What a Monumental Shame !
Valmiki Faleiro


TGF foreword: [ Where there is food, there will be rats! Where there are sheep, there will be wolves - even wolves in sheep's clothing. And there will be those who will see a saffron-riding-wolf sitting right in front of their noses, but will believe that the wolf is actually a lamb.  Ai Saiba bhogos amkam!

One of the realities of post 1961Goa, least known (to Goans generally) and almost never articulated (in the Goa Press) is the slicing of the Goa pie. And while we hear platitudes ad nauseam about the valiant freedom fighters (and there were some genuine ones) and the freedom they brought to Goa and Goans, the truth remains as fascinating as fiction.

After the first step of invade & grab was completed in 1961, the next step was to swallow. Of course, every one and sundry knows that Goa was a highly coveted piece of real estate. The 'fool the public' Nehru-Krishna Menon platitudes notwithstanding, there was a 1962 general election in India to be won, and Goa had mineral wealth and a brilliant deep water port in Marmagoa.

As it happens, after the 1962 election goal was achieved, Nehru and the Congress Party left Goa to the wolves.  Most of the main wolves congregated in the Maharashtrawadi Gomantak Party(MGP).  The platform of the MGP was that "to enjoy freedom better, Goa would do best by becoming a backwater of the neighbouring State of Maharashtra" .

When that failed, the MGP proceeded on to a sophisticated method of marginalisation of the Goan Catholics. The Goan Catholics had (along with the so called 'upper caste' Hindu Goans) voted en masse against this dastardly betrayal of Goa and its people by the MGP.  The modus operandi of that marginalisation program was : Deny Jobs in Goa to Deserving and Qualified Catholic Goans.

No prizes to guess that tens of thousands of qualified and self respecting Goans left Goa, some for good. They were unwilling to sell their soul to the communal ethnic cleansers. 

The following article by Valmiki Faleiro looks at the 1967 Opinion Poll, the very act that saved Goa from the neighbouring wolves, and the intentional suppression of any serious recognition to this landmark event,  by successive Goa Governments.]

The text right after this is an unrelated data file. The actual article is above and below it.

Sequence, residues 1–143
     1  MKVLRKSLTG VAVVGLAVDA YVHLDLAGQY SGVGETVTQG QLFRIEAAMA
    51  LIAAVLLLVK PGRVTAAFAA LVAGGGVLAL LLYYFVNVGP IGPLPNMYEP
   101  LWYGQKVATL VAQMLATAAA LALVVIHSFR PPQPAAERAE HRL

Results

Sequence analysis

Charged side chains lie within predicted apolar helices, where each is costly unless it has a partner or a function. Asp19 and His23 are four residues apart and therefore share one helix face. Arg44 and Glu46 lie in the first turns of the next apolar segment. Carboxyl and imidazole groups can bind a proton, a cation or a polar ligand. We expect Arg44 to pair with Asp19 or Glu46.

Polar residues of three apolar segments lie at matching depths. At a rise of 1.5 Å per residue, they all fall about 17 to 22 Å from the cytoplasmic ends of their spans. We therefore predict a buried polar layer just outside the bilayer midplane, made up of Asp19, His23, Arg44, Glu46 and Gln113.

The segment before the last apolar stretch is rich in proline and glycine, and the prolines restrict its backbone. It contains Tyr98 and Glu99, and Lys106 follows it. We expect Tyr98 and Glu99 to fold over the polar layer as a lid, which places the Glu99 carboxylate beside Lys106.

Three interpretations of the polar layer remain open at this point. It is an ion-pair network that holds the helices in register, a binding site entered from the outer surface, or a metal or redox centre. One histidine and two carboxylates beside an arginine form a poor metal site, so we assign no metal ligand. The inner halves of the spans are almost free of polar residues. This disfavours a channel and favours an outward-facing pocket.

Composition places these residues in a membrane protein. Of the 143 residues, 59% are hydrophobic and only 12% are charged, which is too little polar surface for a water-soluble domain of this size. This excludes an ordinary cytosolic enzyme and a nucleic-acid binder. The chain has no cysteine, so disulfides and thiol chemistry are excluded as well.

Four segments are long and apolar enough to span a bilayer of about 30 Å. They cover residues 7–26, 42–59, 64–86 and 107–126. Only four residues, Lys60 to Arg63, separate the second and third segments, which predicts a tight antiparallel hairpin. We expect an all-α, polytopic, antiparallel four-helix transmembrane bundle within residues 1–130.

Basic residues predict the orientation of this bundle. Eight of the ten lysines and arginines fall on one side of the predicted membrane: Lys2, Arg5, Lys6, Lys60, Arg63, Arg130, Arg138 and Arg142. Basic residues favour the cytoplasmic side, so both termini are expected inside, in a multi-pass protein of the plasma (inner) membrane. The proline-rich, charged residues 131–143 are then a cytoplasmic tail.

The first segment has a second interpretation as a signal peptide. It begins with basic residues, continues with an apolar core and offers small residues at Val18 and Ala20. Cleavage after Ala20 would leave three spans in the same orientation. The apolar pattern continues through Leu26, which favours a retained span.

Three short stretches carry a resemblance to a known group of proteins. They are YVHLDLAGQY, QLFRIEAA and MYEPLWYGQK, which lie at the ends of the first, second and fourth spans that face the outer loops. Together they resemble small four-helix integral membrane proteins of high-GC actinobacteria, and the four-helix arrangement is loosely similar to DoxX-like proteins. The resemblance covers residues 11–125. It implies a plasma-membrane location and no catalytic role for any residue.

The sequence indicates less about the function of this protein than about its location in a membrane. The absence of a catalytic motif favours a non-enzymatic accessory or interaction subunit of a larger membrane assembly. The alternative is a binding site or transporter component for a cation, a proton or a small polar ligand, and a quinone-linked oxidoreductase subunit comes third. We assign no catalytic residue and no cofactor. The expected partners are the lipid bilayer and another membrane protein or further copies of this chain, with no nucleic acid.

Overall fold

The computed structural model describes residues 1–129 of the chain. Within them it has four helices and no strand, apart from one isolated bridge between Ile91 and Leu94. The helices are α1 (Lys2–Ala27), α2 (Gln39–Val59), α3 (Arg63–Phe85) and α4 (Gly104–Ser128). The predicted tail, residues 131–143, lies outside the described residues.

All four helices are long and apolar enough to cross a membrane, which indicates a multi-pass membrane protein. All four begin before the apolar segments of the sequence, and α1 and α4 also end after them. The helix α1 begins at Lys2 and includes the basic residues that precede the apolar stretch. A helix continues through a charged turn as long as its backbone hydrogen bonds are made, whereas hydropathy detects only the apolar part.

What a Monumental Shame !

Do we need to pinch ourselves to realize that Goa would have forever lost her independent identity … but for an event whose 29th anniversary falls tomorrow, January 16 – an event that many have forgotten? 

 How many of our current politicians, in or out of power, remember this watershed event, which made their power and pelf – their very existence – possible? 

 Were it not for the *Opinion Poll* of 16 January 1967, Goa would have faded into another faceless taluka of south Maharashtra … and our Ranes, Khalaps and Luizinhos into some Sarpanchas or Zilla panchas.

 Do the Ranes, Khalaps and Luizinhos realize that their chairs came by courtesy of a few gallant men, who first toiled to get New Delhi to decide on free India’s first (and, to date, only) Opinion Poll, and then campaigned hard to sway the vote in favour of a separate Goa?  Have those men been remembered and honoured?

 Around 1962, some Goan leaders severely affected with figurative myopia and clinical phobia, agreed that the best way to smother all colonial traces was to merge Goa with its gigantic neighbour, Maharashtra.  Much like burning down one’s house to kill a rat within. 

 Inspired and abetted by Maharashtra’s political leadership, these parties and groups united into a political formation whose very name, *Maharashtra*-wadi Gomantak Party (MGP), betrayed its one-point agenda.  The MGP won Goa’s first elections to the Legislative Assembly.  The Maharashtra lobby immediately went pro-active in Delhi, interpreting the mandate as a pro-Merger vote and demanding that Goa be forthwith merged into Maharashtra.

 Throughout the liberation movement, India’s Prime Minister, Jawaharlal Nehru, had assured that Goans alone would decide Goa’s future.  Fortunately, we had leaders who convinced New Delhi that local Assembly results did not reflect the Goan mind on Merger and that the issue be decided by a separate referendum.  Leaders like Purshottam Kakodkar, who enjoyed a personal equation with the Nehru household, and the redoubtable Dr. Jack de Sequeira, who led an equally steely Opposition in the Goa Assembly.

 While Kakodkar lobbied hard and long with Nehru and other central leaders (and, in the process, almost lost his sanity), Sequeira shrewdly activated the Karnataka (then Mysore State) lobby, led by the indomitable S. Nijalingappa, to counter Maharashtra’s weight in the ruling Congress.  The Nehru cabinet finally yielded and decided to put the question of merger before Goans by way of a referendum.  That’s how India’s one and only Opinion Poll came about.